fugue


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fugue

 [fūg]
a pathological state of altered consciousness in which an individual may act and wander around as though conscious but his behavior is not directed by his complete normal personality and is not remembered after the fugue ends.
dissociative fugue (psychogenic fugue) a dissociative disorder characterized by an episode in which an individual forgets his past, assumes a partial or complete new identity, and travels away from home or work, in some cases taking up a new name, occupation, and lifestyle. During the fugue, patients are unaware that they have forgotten anything and seem to other people to be behaving normally; following recovery, they recall nothing that happened during the fugue. The disorder is usually related to emotional conflicts due to some traumatic, stressful, or overwhelming event, remits spontaneously, and rarely recurs.

fugue

(fyūg),
A condition in which a person suddenly abandons a present activity or lifestyle and starts a new and different one for a period of time, often in a different city; afterward, the person has amnesia for events occurring during the fugue period, although earlier events are remembered and habits and skills, and procedural memory, are usually unaffected.
[Fr. fr. L. fuga, flight]

fugue

(fyo͞og)
n.
Psychiatry A dissociative state, usually caused by trauma, marked by sudden travel or wandering away from home and an inability to remember one's past.

fu′gal (fyo͞o′gəl) adj.
fu′gal·ly adv.
fugue v.
fugu′ist (fyo͞o′gĭst) n.
Neurology A state in which the patient denies memory of activities for a period of hours to weeks; to external appearances, these activities were either completely normal or the patient disappeared and travelled extensively; most are functional; short fugues rarely occur in temporal lobe epilepsy
Psychiatry A state of personality dissociation characterised by amnesia and possibly physical flight from the customary environment or field of conflict

fugue

(fyūg)
A condition in which a person suddenly abandons a present activity or lifestyle and starts a new and different one, often in a different city; afterward, alleges amnesia for events occurring during the fugue period, although earlier events are remembered and habits and skills are usually unaffected.
[Fr. fr. L. fuga, flight]

fugue

A rare psychological reaction to an intolerable situation in which the affected person wanders away from the old environment, apparently in a state of AMNESIA, and takes on a new identity, occupation and life. The loss of memory is selective and does not preclude use of the previous education. If there is recovery from the fugue, amnesia for the period of the fugue occurs.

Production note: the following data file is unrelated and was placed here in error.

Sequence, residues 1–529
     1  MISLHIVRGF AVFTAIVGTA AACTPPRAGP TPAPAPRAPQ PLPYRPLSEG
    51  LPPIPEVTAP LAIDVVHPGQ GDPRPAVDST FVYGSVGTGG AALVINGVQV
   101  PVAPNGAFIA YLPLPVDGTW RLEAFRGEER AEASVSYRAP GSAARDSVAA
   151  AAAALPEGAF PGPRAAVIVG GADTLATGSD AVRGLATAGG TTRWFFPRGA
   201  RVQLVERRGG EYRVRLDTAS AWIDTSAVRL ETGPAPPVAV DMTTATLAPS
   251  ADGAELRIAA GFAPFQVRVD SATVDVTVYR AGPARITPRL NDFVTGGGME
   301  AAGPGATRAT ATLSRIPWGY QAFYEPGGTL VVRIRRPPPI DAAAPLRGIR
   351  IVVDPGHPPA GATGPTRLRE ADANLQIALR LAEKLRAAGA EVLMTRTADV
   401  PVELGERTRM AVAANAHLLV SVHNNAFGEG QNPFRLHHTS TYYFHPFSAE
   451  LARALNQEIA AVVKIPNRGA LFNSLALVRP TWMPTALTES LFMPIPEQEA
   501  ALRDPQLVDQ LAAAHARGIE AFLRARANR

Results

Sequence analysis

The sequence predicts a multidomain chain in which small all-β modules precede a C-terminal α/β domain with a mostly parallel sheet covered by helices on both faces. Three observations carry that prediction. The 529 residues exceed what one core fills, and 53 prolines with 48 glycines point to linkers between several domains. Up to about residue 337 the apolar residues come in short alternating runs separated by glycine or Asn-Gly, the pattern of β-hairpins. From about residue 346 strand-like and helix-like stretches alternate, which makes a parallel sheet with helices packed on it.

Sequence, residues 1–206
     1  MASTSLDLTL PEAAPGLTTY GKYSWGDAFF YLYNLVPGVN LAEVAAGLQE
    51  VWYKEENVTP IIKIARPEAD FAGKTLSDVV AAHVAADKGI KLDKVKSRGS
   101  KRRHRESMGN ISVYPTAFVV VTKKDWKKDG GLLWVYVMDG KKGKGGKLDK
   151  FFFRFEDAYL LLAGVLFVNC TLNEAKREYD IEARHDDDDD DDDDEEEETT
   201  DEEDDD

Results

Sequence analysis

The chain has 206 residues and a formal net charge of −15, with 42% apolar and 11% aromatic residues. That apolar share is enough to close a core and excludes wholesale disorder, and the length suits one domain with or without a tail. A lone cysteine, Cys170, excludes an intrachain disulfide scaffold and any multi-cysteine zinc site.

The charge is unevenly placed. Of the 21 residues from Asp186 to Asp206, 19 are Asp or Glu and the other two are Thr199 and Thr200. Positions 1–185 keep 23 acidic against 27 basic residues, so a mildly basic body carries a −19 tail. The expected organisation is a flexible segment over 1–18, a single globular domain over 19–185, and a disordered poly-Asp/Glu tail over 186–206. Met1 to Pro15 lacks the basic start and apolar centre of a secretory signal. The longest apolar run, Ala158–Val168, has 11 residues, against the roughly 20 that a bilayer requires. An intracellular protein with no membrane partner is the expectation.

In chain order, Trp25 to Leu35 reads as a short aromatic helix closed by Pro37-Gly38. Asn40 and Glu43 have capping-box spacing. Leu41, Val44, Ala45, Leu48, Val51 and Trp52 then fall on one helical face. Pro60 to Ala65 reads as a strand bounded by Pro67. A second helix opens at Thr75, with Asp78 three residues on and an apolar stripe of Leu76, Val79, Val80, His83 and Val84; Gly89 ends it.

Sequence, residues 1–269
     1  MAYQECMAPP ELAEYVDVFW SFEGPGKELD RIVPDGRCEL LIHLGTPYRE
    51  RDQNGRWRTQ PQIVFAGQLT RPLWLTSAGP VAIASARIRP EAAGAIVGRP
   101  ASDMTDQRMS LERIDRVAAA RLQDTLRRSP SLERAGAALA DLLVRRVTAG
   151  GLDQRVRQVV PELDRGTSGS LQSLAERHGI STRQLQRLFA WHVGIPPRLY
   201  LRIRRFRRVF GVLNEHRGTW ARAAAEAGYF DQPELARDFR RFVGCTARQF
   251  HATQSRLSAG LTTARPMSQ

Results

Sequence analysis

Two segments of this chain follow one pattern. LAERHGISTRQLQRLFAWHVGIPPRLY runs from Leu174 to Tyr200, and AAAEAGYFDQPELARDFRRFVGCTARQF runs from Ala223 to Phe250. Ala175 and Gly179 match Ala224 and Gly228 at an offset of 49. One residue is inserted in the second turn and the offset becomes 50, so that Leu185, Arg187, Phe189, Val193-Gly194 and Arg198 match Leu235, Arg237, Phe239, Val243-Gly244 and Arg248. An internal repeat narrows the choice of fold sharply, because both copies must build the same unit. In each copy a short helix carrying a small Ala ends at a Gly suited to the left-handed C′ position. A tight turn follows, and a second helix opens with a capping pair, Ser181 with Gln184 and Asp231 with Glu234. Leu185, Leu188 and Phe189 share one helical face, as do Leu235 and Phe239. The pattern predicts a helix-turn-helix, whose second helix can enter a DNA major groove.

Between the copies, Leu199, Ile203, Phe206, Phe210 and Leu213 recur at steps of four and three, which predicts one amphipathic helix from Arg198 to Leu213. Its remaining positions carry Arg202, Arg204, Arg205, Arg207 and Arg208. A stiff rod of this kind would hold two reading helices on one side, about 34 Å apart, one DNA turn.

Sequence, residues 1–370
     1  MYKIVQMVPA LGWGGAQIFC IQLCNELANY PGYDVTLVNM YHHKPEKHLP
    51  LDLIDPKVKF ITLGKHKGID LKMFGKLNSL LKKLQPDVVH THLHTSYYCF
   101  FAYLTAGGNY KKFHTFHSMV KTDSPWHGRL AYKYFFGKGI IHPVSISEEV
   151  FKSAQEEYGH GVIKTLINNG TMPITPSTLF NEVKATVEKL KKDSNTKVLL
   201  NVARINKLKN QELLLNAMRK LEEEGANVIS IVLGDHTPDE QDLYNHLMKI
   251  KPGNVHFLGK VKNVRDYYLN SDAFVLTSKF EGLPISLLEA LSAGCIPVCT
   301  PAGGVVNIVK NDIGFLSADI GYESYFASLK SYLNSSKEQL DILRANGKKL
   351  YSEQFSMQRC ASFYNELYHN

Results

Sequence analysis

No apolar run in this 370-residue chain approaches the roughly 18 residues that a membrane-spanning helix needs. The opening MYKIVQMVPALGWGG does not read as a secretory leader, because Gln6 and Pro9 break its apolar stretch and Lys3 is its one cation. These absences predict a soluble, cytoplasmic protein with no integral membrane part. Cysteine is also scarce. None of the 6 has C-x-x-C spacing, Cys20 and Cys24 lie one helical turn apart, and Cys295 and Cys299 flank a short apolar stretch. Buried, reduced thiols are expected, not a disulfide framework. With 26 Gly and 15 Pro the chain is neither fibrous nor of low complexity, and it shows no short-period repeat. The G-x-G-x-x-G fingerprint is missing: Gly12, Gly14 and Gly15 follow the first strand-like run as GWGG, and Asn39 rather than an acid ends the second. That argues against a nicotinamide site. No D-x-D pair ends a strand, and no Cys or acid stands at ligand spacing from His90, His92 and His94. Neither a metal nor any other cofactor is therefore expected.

Fugue

A dissociative experience during which a person travels away from home, has amnesia for their past, and may be confused about their identity but otherwise appear normal.
References in periodicals archive ?
Musicalization here is modeled on a specific type of composition--the fugue characterized by (a) its polyphonic texture.
The Fugue was impressive that day but stepping back up to a mile and a half this time possibly just swings the balance in favour of Was.
A fugue, musically, is "a composition, or compositional technique, in which a theme (or themes) is extended and developed mainly by imitative counterpoint" (Grove Concise Dictionary of Music).
Let us examine Harrison's Fugue for Percussion as an example of his use of rhythmic ratios.
And changes of registration are used tellingly to articulate the triple fugues nos.8 and 11 and the quadruple fugue no.14.
First, he began his career as an organist; in this capacity, he wrote a vast number of sonatas, preludes, fugues, toccatas, and chorale preludes for organ, some of which were designed for use in the Lutheran service, some as concert showpieces when he was commissioned to test newly built or reconstructed organs.
Each of the indicators has its own melody, analogous to a fugue."
If not as hysterically impassioned, at least until its conclusion, Reger's Variations and Fugue on an Original Theme was just as impressive and, at 30 minutes (it seemed far less) something of a musical odyssey.
But you have to go back to 1992 for the last female Eclipse heroine - Irish-trained Kooyonga - and there's little juice in The Fugue's odds.
Class act THE FUGUE (3.50) hit peak form at Royal Ascot last time and is a worthy single banker in the feature Eclipse Stakes at the Esher venue.
Ante-post favourite The Fugue is a mare familiar to all as a regular fixture in middle-distance Group 1s for the past three seasons.
The first tones of the opening piece, Toccata and Fugue in D minor, BWV 565, reveal that the organist heads for his objective in a manner different to that we may have expected.